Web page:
Other studies show that the general public is largely unaware of the dire state of the news media, compounding the issue. According to a 2019 national study from Pew Research Center, 71 percent of adults believed their local news outlets were doing “very” or “somewhat” well financially.
However, as PEN America’s Tom Melia said, “Members of Congress have become aware. There’s potential for them to act.”
Following years of research and advocacy from groups such as PEN and The Brookings Institution, a growing number of lawmakers in Washington, many of whom depend on local news coverage to campaign and reach their constituents, are calling for a fundamental rethinking of how the nation supports local news.
Sen. Brian Schatz (D-Hawaii) introduced the Local News Commission Act of 2020 in September. Drafted in collaboration with PEN America, the bill calls for the creation of a Senate commission comprising an even number of Republican and Democratic appointees to study the problems facing local media and recommend solutions.
“The reason to do the commission is not so much that we’re going to learn more, but that it becomes a consensus building mechanism,” Melia said.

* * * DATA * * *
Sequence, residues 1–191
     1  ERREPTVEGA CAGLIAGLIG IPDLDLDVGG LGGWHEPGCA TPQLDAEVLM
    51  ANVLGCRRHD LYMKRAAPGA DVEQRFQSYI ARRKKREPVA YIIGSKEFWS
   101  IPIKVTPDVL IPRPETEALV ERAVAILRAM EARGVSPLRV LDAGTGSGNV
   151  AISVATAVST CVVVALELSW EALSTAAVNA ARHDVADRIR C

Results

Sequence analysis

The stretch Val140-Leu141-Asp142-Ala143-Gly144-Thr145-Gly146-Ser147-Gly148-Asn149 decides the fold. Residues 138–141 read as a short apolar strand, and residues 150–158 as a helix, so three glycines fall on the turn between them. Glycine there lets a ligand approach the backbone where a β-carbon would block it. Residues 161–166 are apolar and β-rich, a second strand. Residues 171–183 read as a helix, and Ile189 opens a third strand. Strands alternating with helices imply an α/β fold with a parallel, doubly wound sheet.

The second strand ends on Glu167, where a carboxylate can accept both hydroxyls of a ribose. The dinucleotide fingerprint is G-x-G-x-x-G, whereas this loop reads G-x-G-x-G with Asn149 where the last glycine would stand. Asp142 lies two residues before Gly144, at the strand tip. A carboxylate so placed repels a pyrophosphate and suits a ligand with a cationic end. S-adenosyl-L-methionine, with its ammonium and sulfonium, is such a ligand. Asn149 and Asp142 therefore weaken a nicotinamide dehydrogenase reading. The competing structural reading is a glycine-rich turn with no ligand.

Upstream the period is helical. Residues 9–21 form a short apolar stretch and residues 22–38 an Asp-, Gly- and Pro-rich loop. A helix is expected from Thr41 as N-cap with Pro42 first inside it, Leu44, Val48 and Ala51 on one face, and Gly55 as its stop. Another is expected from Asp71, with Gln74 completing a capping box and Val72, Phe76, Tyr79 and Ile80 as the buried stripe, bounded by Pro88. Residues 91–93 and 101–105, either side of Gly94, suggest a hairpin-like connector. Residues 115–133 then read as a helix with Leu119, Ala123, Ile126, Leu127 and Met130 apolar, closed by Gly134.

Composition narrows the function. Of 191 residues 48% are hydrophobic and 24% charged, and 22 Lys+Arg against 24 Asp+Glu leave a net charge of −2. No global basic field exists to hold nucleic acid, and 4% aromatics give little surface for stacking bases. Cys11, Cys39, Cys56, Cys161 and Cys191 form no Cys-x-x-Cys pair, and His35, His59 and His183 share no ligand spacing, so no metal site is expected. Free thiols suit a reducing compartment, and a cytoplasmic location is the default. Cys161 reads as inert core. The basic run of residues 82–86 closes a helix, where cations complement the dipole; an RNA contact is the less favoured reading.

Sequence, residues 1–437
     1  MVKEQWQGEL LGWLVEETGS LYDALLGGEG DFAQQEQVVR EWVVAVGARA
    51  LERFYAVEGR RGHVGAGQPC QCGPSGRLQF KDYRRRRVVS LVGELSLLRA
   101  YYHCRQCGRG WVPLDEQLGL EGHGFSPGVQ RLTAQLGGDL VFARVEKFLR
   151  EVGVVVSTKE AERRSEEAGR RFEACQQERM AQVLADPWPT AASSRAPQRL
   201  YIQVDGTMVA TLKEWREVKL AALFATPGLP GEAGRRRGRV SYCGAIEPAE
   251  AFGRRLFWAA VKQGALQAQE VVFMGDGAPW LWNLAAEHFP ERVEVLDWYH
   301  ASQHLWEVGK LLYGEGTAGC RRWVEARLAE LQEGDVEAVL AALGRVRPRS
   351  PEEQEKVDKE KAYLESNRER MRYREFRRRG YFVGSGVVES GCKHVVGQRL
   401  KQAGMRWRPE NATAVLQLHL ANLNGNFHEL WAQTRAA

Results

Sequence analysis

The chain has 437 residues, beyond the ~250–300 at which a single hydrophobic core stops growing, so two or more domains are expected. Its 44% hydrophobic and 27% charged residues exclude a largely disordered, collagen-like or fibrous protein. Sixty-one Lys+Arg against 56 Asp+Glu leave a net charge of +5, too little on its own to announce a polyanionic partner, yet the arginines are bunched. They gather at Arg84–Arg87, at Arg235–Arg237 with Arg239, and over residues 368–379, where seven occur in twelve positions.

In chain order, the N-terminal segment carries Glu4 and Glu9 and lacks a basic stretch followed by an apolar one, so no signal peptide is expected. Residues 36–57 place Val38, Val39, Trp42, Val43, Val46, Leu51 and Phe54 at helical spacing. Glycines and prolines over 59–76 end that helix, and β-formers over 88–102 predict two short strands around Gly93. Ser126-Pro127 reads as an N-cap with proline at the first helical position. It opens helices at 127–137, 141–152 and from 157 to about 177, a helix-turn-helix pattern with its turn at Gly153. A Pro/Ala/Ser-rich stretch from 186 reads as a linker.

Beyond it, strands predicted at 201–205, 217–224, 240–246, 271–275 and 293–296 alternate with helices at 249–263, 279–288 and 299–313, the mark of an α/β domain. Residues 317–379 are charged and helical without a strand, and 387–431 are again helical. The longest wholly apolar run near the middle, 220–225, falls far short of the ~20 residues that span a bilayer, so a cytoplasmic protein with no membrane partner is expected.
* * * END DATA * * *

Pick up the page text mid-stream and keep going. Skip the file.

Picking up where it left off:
In July, U.S. Rep. Ann Kirkpatrick (D-Ariz.) introduced a bill entitled the Local News Sustainability Act in the House Ways and Means Committee. The legislation would create three tax credits to subsidize local news: one for subscribers, one for advertisers, and one for the newspapers themselves to preserve or hire new reporters. The legislation has attracted some bipartisan support in the House. So far, Congress.gov lists 58 Democrat and 20 Republican co-sponsors.
Internationally, a growing number of lawmakers are demanding that Facebook and Google pay for the local news their sites use. In December, Australian lawmakers began final negotiations for a law, widely expected to pass, that would force the two tech giants to pay local news organizations a fair rate for using their content. A few weeks earlier, Facebook agreed to pay millions of pounds to British news publishers after the threat of a wider regulatory crackdown. Similar negotiations with EU nations are ongoing.
In October, U.S. Sen. Maria Cantwell (D-Wash.) released a report calling for similar measures in the United States. “Congressional action is needed to help local news survive the global pandemic and onslaught of unfair practices by the dominant online platforms,” she wrote. “Local news needs new laws and regulations to make sure it can compete fairly and provide its true value to local communities and American democracy.”